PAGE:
All those years, I had it all wrong about maqiu, a traditional winter solstice food for my husband Jun’s family in rural Zhejiang province.
Whenever Jun mentioned the sesame balls he had eaten for the holiday while growing up, I had always imagined a version of tangyuan, those delicious glutinous rice balls stuffed with sweet sesame or red bean paste typically enjoyed in southern China. Except, he called them sesame balls or maqiu, not tangyuan. So I thought, maybe maqiu was just another name for tangyuan in the local dialect?
But then years ago, one night before winter solstice with Jun’s family, I watched my mother-in-law prepare maqiu in her kitchen and did a double take. She dropped inch-sized balls of glutinous rice dough, made from glutinous rice flour and cold water, straight into a wok of boiling water without tucking anything inside. Had she lost her mind? Where was the muss and fuss of filling the dough with sesame paste that I’d had to slog through all those years before, when Jun and I used to live in the United States?
Once the rice balls floated to the top, which took only a few minutes, she fished them out of the boiling water and then rolled them in a sweet mixture of toasted black sesame seeds and white sugar that coated every inch of the dough. That’s when I realized it－it was my mistake, not hers.
The late afternoon sun of winter warmed us as we bowed before the front door of that little whitewashed house in the mountains of rural Hangzhou, Zhejiang province. There we prayed to the ancestors, whose table before us carried a delicious spread of home-cooked dishes from my mother-in-law’s kitchen. The tempting aromas of chili peppers, garlic and ginger mingled with the faint fragrance of papermade ancestor money burning on the ground. As I stood together with my husband and his relatives, I had this strange feeling of deja vu, as if I had been there before somehow, somewhere in my life.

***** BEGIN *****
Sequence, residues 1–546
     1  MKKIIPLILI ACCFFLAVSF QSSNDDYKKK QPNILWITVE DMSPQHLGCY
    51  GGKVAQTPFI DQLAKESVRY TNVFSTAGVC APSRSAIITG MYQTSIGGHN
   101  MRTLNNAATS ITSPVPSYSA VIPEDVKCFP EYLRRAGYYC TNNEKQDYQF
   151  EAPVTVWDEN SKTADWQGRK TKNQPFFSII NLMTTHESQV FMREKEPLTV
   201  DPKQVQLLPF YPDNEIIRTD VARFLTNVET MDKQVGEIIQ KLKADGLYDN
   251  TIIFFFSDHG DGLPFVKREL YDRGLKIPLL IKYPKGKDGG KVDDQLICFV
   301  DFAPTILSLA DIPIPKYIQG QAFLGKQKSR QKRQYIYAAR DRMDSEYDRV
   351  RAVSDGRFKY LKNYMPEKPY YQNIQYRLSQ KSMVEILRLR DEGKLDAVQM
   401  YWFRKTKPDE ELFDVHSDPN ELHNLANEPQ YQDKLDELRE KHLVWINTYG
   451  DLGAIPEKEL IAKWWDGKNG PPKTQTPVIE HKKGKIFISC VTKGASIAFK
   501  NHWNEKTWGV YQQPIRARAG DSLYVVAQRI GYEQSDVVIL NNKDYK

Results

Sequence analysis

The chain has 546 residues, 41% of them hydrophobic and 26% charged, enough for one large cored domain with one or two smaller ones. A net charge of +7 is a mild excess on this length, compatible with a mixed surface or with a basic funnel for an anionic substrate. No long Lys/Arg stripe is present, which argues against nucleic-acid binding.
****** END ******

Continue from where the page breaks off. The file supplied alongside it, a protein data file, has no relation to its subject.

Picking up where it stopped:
And in a way, I had.
Before I married into a Chinese family from rural Hangzhou, I had never known anyone in the United States who celebrated the winter solstice as an actual holiday. But once I moved back to China with my husband in 2013, I finally had the opportunity to experience a traditional winter solstice celebration in all its splendor.
Whenever my husband mentioned the sesame balls they ate for Winter Solstice, I imagined a version of tangyuan, those delicious glutinous rice balls stuffed with sweet sesame or red bean paste traditionally served in parts of Southern China. Except John called them sesame balls or máqiú (麻球), not tangyuan. Maybe máqiú was just another name for tangyuan in the local dialect?
But then Saturday night I watched my mother-in-law prepare máqiú in her kitchen and had a double take. She dropped balls of glutinous rice dough straight into the boiling water without even filling them. Had she lost her mind? Where was the muss and fuss of filling the dough with sesame paste that I had to slog through all these years in the US?
When she fished them out of the boiling water and then rolled them in the black sesame seeds and sugar until every inch of the dough was covered in that sweet, black coating, that’s when I realized it. It was my mistake, not hers.
“Here, eat them while they’re hot,” my mother-in-law said as she pressed a steaming bowl of them into my hands.
“But that’s it?” I said, my face almost flushed with embarrassment. Could she tell that I had mistaken tangyuan for máqiú all along?
“Eh, it’s simpler! You don’t need to worry about all that trouble of filling them.”